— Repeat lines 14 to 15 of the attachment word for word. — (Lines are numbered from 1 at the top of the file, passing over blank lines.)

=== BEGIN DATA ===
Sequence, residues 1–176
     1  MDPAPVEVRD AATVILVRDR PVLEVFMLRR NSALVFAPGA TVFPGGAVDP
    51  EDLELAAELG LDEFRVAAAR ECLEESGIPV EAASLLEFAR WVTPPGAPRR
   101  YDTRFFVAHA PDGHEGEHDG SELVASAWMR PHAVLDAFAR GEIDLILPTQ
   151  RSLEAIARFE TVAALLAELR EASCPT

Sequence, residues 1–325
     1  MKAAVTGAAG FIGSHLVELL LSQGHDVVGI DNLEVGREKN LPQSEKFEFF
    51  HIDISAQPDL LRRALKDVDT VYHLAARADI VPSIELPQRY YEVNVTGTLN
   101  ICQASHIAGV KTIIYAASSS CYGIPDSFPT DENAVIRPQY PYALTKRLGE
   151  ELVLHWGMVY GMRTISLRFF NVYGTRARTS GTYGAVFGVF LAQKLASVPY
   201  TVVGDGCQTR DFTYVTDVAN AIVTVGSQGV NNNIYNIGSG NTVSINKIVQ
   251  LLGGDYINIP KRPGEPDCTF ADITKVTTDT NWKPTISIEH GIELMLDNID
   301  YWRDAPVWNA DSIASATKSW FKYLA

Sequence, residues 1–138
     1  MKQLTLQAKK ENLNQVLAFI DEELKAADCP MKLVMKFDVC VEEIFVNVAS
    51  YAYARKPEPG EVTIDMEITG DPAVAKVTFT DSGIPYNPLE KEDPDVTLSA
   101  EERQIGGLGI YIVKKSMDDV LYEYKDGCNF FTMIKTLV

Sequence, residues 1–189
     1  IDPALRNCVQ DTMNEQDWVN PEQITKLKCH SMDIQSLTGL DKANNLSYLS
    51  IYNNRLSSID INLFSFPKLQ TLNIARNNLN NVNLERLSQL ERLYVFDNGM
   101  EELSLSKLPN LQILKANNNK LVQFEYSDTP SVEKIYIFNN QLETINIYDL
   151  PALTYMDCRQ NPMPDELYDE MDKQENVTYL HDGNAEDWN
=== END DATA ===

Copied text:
Sequence, residues 1–138
     1  MKQLTLQAKK ENLNQVLAFI DEELKAADCP MKLVMKFDVC VEEIFVNVAS